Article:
Imann Ali is a double major in Middle East Studies and Political Science. She is from Norway. Her summer internship took her to Washington DC, and was followed by a personal language study trip to Yemen where she studied intensive Arabic.
"I glanced at the unfamiliar, cloakclothed figure before me on the dusty ground just as the heavy skies obscured the sun's path and faded my shadow to invisibility. Soon heavy raindrops would hit the dust and disfigure the ground before me further. I had just exited the airport in Sana'a, Yemen, and I was still chasing my own shadow as the showers found it fit to welcome me. The edge of my abaya (black, long overgarment) quickly turned heavy soaking up the warm water, as I stood among an unusually helpful crowd of a few women and men, trying to explain to them in broken, inconsistent Arabic that I was looking for the driver who was supposed to take me to the Yemen College of Middle Eastern Studies. Even that early I would understand why connoisseurs of Arabic advocate for language studies in Yemen – most people there don't speak English at all. As I had found myself in a considerable time trap before leaving the States - leaving my internship in Washington, DC a few days earlier to finish the last exam of Arabic 104 at OSU before my travels – I had not thought of jotting down important phone numbers, addresses, and names et cetera, something I now silently cursed myself for. It didn't take too long, however, until a man who identified himself as my driver was located by a member of the crowd. – Imaan Ali, is that you? I was looking for you! I couldn't recognize you; I thought you were Jordanian, he said using an amalgam of poor English and simplified Arabic. I was indeed traveling with Royal Jordanian, and I was wearing very traditional clothes, probably unlike most U.S. students of Arabic there, so his confusion did make sense. The misunderstanding was soon forgotten, however. Thankful for approaching my temporary destination and hopefully getting some sleep before breaking the fast after sunset, I leaned back in the car and observed the scenes before me, attempting to take in and digest the various sights and sounds.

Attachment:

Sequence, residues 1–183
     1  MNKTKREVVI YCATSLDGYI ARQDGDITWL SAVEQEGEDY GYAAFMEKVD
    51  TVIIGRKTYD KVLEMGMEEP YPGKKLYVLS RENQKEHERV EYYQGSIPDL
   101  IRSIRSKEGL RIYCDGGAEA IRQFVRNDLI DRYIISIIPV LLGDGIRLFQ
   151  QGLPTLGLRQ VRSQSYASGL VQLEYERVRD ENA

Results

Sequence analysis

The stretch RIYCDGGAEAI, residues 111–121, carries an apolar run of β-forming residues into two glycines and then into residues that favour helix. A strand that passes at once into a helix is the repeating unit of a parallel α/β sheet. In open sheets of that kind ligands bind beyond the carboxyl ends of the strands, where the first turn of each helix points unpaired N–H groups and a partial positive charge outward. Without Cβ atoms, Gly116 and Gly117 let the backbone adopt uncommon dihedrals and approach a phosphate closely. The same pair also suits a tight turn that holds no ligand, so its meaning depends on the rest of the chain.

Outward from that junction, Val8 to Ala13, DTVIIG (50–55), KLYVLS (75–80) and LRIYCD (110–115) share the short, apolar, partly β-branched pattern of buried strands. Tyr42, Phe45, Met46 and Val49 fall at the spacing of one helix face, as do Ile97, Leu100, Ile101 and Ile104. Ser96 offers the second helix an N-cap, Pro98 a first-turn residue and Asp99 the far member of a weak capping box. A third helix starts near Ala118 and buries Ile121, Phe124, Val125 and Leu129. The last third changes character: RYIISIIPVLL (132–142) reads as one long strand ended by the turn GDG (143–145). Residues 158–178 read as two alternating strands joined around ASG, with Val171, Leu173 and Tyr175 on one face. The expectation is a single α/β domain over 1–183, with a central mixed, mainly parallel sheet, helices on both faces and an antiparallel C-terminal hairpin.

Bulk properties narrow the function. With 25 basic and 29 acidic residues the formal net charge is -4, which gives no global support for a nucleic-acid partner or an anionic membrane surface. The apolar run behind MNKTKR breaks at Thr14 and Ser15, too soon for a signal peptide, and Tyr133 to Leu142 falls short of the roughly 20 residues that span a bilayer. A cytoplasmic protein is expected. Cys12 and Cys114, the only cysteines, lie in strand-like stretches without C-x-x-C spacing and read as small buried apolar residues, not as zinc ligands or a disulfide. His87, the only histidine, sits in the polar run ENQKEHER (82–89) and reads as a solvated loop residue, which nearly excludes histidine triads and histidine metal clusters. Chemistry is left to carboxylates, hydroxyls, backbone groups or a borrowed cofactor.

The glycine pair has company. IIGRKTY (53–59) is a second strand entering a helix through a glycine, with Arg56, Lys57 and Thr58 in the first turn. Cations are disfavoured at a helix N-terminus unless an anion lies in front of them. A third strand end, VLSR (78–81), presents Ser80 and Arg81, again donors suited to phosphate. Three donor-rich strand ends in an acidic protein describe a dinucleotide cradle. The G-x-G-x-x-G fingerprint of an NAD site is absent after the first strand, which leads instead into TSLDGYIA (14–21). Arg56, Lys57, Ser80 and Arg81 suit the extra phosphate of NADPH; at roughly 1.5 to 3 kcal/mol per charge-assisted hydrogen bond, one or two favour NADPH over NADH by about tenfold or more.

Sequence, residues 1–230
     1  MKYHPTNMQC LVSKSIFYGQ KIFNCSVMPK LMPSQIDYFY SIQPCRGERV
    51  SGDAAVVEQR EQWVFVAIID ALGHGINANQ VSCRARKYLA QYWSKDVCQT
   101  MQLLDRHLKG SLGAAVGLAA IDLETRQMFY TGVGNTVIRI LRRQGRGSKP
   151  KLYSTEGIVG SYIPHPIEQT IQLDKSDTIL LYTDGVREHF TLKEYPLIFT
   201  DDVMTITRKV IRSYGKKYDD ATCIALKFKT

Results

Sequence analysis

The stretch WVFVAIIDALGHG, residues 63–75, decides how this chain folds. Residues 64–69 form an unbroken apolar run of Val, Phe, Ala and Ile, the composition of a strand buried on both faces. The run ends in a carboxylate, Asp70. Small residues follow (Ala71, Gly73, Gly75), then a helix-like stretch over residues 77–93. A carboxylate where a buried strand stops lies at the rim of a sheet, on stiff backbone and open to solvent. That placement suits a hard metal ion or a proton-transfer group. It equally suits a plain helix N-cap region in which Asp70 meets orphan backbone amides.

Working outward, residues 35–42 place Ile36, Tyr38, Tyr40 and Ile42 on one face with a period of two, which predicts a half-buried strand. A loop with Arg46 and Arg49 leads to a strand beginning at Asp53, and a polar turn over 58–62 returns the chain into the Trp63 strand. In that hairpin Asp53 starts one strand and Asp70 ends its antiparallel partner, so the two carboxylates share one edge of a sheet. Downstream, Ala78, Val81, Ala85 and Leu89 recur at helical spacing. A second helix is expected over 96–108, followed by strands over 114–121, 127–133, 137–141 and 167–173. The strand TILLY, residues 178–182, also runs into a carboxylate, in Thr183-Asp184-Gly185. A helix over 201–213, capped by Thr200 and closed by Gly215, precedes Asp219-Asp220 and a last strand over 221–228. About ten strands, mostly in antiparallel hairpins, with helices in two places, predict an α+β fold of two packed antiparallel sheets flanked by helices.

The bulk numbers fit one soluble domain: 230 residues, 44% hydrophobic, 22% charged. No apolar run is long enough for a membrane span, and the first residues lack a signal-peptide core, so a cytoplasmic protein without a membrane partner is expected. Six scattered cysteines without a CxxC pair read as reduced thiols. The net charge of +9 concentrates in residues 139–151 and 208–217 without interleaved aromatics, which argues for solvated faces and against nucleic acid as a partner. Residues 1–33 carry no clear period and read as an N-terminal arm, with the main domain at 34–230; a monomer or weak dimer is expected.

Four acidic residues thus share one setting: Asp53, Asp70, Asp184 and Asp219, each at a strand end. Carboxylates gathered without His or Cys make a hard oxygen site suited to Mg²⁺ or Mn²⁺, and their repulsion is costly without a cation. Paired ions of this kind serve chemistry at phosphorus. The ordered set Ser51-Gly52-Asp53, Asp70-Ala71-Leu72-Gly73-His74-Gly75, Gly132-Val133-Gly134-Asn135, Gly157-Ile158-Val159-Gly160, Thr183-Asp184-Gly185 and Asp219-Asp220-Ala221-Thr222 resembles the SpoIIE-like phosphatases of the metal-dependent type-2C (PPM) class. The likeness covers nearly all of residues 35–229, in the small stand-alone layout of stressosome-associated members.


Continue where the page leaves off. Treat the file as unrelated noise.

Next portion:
My name is Imaan Ali, and I am an international, and quite untraditional, student of Political Science and International Studies, technically wrapping up my second year, but in actuality starting my last quarter here at OSU (Winter 2009 to Winter 2011). Aside from taking heavier course loads to be able to finish in just over two years, I have been contributing to a book project back in Norway on Muslim women and the head scarf. I won a first year English writing award for an essay published on Commonplace (which was a lot of fun as I was fresh to America at the time of writing it), been a panelist on a Muslim women perspectives panel discussion in DC, and spent the summer 2010 quarter in DC, interning with both the Middle East Broadcasting Center (MBC) and the Washington Report on Middle East Affairs through the National Council on U.S.-Arab Relations' summer internship program. Then, I travelled to Yemen for six weeks to gain Arabic speaking skills not readily available all at once in the States.
Best of all? I earned 26 credit hours in total this summer - without taking classes at OSU - and I was even able to fit in a one week stay in Lebanon!